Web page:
Stays with the flowers to kiss and play.
And dallies with the castle flag,
Yet strips the beggar of his rag.
The vane upon the old church tower
Shines like a star above the trees;
To weary reapers bringing ease.
And rocking by the weedy shore ;
And bid the hushed waves louder roar.
The breakers whiten all the reef,
Fills the grey air with shrieks of grief. A sudden gloom fills all the town,
The wind comes sighing o'er the moors, And wandering moaning up and down,
Shakes with its trembling hand the doors, When slowly through the market-place
A stranger rode, but spoke to none;
He never looked up at the sun.
The children ceased to talk and play ;
In every mother's eye dismay; The matrons at the open pane
Stayed all at once their spinning-wheels, The old wife hushed her wise old saying,
And threads ceased running from the reels. A whisper through the long street ran
It spread through all the market-place; The cobbler turned his ready ear
Unto the tailor's earnest face;
Afraid to let the secret ont;
For none into his ear would shout;
Awoke half scared and stared about; The pilgrim by the wayside cross
Ceased half-unsaid his votive prayer ; The knight pulled up his weary horse,
The ploughman stayed his glittering share ; The miller stops the noisy mill,
The ringers in the belfry rest, All through the valley to the hill
Bear down the rain-clouds from the west. Another year—the tall grass grew,
And seeded in the open street ; At noon unmelted lay the dew,
In spite of all the parching heat ; The smith's red fire has long gone out,
A mournful silence fills the mill, You cannot hear the reaper's shout,
The very tailor's tongue is still.
THE HISTORY OF THE SIEGE OF SEBASTOPOL. The siege of Sebastopol will be ever memorable in the annals of warfare. The military science and skill, and the martial prowess of the two foremost nations of the earth, have been carried further off than hitherto was generally the case, and have met with a rare and almost unprecedented opposition. There were the natural and artificial difficulties of the place, not a town within a girth of walls and bastions with outlying works, in which, a breach once effected, there was admission to the interior, but fortress upon fortress, detached from one another, each requiring to be taken separately, situated
on three different tongues of land, peninsulated by the waters of the Black Sea, part on one side of a deep inlet, whose entrance had been closed by a sacrifice which events have proved to be worthy of the ends accomplished, and part on the other, and all these defended and strengthened by no end of batteries and outworks.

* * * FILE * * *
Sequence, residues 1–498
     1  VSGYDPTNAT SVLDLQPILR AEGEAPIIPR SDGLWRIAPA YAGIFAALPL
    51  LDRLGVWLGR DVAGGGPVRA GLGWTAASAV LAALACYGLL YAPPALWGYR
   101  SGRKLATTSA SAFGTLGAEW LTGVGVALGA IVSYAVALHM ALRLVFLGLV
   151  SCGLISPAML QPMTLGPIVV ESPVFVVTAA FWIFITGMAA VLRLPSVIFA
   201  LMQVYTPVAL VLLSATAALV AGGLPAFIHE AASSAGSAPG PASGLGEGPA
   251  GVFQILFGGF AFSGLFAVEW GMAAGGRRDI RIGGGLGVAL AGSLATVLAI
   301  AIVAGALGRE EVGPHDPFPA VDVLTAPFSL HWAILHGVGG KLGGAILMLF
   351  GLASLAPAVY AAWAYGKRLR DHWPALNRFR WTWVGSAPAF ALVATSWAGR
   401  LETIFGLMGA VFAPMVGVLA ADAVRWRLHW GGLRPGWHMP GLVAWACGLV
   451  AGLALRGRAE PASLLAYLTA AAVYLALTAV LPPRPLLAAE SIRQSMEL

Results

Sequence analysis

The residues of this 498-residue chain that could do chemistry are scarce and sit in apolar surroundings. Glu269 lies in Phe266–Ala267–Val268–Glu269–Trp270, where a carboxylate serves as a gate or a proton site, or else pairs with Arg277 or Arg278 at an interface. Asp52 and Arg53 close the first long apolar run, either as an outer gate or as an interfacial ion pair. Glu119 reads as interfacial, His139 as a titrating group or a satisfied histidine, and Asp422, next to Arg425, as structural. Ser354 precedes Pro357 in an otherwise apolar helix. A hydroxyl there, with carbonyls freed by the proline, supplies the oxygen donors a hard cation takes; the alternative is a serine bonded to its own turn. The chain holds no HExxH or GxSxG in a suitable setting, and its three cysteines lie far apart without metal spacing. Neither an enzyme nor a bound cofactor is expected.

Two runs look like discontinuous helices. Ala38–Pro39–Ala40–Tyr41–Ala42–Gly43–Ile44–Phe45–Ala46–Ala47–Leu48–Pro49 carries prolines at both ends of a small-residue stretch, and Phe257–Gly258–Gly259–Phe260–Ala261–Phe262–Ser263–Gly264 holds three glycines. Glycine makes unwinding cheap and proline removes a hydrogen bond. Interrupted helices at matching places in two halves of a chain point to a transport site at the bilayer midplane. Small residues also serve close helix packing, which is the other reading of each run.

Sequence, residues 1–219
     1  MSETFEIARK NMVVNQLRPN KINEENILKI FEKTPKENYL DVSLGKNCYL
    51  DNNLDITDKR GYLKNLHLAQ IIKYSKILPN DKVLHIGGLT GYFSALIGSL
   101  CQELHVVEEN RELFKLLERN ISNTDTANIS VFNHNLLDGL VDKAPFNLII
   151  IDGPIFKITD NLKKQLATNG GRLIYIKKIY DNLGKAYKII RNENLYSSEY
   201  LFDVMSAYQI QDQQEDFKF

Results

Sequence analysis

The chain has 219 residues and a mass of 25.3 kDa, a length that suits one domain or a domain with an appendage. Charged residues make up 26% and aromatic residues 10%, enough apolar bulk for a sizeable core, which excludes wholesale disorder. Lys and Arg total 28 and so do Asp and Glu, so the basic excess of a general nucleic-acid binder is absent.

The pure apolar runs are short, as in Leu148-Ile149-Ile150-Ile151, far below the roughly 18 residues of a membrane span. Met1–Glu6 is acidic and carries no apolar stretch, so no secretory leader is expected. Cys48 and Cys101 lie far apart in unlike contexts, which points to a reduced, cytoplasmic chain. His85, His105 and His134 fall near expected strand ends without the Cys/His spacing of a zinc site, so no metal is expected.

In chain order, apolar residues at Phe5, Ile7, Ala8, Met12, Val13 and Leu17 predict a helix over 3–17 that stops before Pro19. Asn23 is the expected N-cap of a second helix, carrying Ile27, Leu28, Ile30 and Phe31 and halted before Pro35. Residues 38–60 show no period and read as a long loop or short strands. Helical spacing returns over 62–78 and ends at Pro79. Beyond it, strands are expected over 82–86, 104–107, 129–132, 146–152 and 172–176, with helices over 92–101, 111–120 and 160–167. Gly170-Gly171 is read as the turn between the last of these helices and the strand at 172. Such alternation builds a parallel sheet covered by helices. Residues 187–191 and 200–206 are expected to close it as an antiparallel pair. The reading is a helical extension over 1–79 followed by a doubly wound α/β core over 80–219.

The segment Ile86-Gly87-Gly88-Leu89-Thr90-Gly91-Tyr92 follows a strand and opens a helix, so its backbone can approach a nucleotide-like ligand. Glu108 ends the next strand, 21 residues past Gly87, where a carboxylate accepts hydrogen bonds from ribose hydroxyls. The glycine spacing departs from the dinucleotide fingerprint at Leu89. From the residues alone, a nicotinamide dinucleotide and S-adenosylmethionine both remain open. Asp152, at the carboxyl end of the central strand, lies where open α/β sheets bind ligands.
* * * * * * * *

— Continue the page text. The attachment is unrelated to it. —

These difficulties were of themselves of a sufficiently formidable character, but they have been rendered still more so by the prodigious resources of the enemy, in men and ammunition. Not only had they troops enough to garrison the town and forts and outworks, but they had also plenty to sacrifice in oft-renewed sanguinary sorties; and they had besides a whole army, larger than the one engaged at Alma, to assail the besiegers on the right, whether at Balaklava in the rear, or at the Tchernaya in the front. This large garrison and army has been constantly receiving reinforcements; so that, like the soldiers that sprang from stones, as fast as a Russian fell another was there to take his place, and as if these exhaustless resources and this great numerical superiority was not enough, the Muscovites also possessed such an advantage in the weight of their metal, that the first opening of the siege on the extreme left by our gallant allies was a total failure ; while the prodigious resources in guns and ammunition not only threatened the whole line of siege, but rendered toil incessant and success itself of no avail. Such was the extent of these resources, that no sooner was a breach effected than it was filled again ; a tower or battery silenced, than it roared as loud as ever; and if for every man that fell another took his place, so for every gun, which hard work and skill had succeeded in dismantling, there was another to stand in the embrasure to do the same work of death and defiance over again.
Never was a siege waged against such fearful odds, and never did the endurance, the gallantry, and the perseverance of the allies stand forth in a more brilliant light.
It is impossible, at the same time, not to do justice to the courage, the perseverance, and the skill of our antagonists' qualities, which, with their superiority of numbers and of resources, has enabled them not only to spare no means of defence, but also to rise again fresh out of every disaster, and which are only detracted from by a now notorious bloodthirstiness and treachery-an indifference to the destruction of life among themselves as well as with the enemy-a most cowardly and ungrateful return for kindness shown them—and the putting to death of all prisoners or wounded whenever the opportunity presents itself.
The southern portion only of Sebastopol, from the Quarantine Bay on the left to the river Tchernaya on the right, has been invested by the